Computational materials science is now powerful enough that it can predict many properties of materials before those materials are ever synthesized in the lab. The Materials Project has enabled predictions of several new materials with applications in clean energy (storage and production), which were made and tested in the lab and are now being patented.
S.Y. Kang, Y.Mo, S.P. Ong, and G. Ceder. Nanoscale stabilization of sodium oxides: implications for Na-O2 batteries. Nano Letters 14(2), 1016-1020 (2014).
A. Jain, S.P. Ong, G. Hautier, W. Chen, W.D. Richards, S. Dacek, S. Cholia, D. Gunter, D. Skinner, G. Ceder, and K.A. Persson. Commentary: The Materials Project: a materials genome approach to accelerating materials innovation. APL Materials 1, 011002 (2013).
K.A. Persson, B. Waldwick, P. Lazic, and G. Ceder. Prediction of solid-aqueous equilibria: scheme to combine first-principles calculations of solids with experimental aqueous states. Phys Rev B 85, 235438 (2012).
The Non-Equilibrium Magnetic Materials program focuses on understanding the fundamental science of non-equilibrium magnetic materials and phenomena with particular emphasis on those enabled by interfaces and Spin-Orbit-Coupling (SOC).
The program encompasses designing, fabricating, measuring, and modeling the static and dynamic magnetic properties of thin film materials exhibiting strong spin-orbit interactions and inversion symmetry breaking due to interfaces.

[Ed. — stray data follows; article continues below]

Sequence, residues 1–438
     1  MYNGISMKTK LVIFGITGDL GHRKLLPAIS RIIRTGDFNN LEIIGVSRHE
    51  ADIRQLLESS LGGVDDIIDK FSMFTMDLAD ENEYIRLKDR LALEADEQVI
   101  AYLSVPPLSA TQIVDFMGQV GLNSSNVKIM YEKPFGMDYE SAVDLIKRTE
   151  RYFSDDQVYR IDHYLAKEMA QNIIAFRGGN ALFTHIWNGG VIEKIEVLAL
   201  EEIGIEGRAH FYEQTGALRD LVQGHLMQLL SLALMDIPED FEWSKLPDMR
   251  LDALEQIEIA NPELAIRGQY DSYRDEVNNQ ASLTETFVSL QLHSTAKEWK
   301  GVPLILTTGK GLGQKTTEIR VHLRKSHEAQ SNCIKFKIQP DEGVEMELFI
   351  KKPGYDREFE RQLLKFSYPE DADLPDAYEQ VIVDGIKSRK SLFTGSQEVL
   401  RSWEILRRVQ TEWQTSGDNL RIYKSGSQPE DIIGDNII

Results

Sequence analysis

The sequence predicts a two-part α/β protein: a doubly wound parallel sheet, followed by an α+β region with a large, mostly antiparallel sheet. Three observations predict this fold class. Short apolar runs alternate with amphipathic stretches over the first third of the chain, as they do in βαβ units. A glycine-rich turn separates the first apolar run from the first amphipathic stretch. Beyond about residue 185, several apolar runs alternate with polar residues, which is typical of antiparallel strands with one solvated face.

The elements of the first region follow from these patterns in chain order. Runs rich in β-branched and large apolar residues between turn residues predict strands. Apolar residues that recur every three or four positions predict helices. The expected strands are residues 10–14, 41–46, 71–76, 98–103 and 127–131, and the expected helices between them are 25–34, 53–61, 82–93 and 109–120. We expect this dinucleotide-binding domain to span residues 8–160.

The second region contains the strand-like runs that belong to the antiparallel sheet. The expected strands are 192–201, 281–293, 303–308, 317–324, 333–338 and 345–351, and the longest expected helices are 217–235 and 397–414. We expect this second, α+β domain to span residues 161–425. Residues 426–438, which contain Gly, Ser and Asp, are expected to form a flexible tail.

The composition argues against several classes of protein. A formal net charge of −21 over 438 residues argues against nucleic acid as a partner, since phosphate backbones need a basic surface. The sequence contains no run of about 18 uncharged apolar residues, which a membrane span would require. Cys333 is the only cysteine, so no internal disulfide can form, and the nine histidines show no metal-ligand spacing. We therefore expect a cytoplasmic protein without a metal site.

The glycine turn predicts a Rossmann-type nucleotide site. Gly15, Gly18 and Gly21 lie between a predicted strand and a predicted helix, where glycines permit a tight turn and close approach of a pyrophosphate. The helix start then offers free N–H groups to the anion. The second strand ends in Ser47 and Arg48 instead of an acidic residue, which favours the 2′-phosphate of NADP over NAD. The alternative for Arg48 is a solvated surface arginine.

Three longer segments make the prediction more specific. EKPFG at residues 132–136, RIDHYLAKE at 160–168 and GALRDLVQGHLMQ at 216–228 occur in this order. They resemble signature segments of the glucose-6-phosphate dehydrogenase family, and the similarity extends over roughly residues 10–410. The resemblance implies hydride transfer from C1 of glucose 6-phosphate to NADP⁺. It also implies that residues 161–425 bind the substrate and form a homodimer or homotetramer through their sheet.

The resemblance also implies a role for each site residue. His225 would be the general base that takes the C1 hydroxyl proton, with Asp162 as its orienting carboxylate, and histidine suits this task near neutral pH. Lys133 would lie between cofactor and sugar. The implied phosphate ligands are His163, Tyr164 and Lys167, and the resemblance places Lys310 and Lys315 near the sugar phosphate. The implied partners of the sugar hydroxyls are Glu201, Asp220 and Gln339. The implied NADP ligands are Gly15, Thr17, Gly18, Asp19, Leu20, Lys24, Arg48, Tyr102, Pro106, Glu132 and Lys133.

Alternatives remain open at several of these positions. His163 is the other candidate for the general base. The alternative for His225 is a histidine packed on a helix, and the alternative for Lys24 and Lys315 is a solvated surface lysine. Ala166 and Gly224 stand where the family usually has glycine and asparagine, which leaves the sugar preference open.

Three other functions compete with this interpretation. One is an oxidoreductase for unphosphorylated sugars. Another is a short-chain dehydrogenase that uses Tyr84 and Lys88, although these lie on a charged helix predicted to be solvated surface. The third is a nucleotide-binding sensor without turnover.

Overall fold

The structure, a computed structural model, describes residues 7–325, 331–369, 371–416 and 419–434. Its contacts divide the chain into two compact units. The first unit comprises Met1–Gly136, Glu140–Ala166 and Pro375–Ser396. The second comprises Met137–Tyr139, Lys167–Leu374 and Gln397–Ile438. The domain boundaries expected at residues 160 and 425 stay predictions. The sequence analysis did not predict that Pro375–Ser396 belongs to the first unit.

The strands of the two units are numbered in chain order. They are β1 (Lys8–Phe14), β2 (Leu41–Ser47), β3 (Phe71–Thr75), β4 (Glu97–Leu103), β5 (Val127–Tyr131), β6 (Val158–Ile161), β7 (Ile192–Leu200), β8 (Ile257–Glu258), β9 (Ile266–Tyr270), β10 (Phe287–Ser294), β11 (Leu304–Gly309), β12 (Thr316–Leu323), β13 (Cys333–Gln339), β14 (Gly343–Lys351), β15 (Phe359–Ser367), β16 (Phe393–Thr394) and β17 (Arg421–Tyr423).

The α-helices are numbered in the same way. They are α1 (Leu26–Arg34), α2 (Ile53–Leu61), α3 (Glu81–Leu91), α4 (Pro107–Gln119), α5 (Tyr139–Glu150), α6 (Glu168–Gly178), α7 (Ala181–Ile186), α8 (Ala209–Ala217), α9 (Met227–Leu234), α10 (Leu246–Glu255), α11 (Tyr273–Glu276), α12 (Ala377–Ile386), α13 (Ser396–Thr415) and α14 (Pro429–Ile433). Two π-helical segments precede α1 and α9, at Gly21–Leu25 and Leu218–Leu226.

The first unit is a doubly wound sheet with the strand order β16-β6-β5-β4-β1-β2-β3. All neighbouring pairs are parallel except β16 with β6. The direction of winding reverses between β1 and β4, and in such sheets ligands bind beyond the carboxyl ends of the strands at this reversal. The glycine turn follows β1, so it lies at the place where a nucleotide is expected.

The research addresses three interrelated sub-projects in these materials:
- i) static and quasi-static novel thin film spin structures such as skyrmions and chiral magnetic textures,
- ii) strong spin accumulation and consequent control of magnetization created by interfaces between ferromagnet/non-magnet with strong spin-orbit coupling, and
- iii) highly non-equilibrium magnetic states that will be produced and studied through electron, optical and x-ray pump/probe techniques at time scales ranging from nsec to fsec.
Through strategic choice of materials and utilizing a collective expertise in film growth, magnetic, electrical, optical, and thermodynamic characterization, spectromicroscopy, and theoretical modeling, the NEMM team aims to control the strength of the critical underlying, sometimes competing, interactions (spin-orbit, exchange, single ion anisotropy, Dzyaloshinskii-Moriya, Coulomb, disorder) within and between dissimilar materials in proximity to each other, enabling development of models for resulting magnetic states and their dynamics. Theoretical modeling will provide a basis for understanding the structure (atomic, electronic, magnetic) and dynamics (electron and spin transport, magnetization response) of these states, and will guide the exploration of the multidimensional space of new material systems.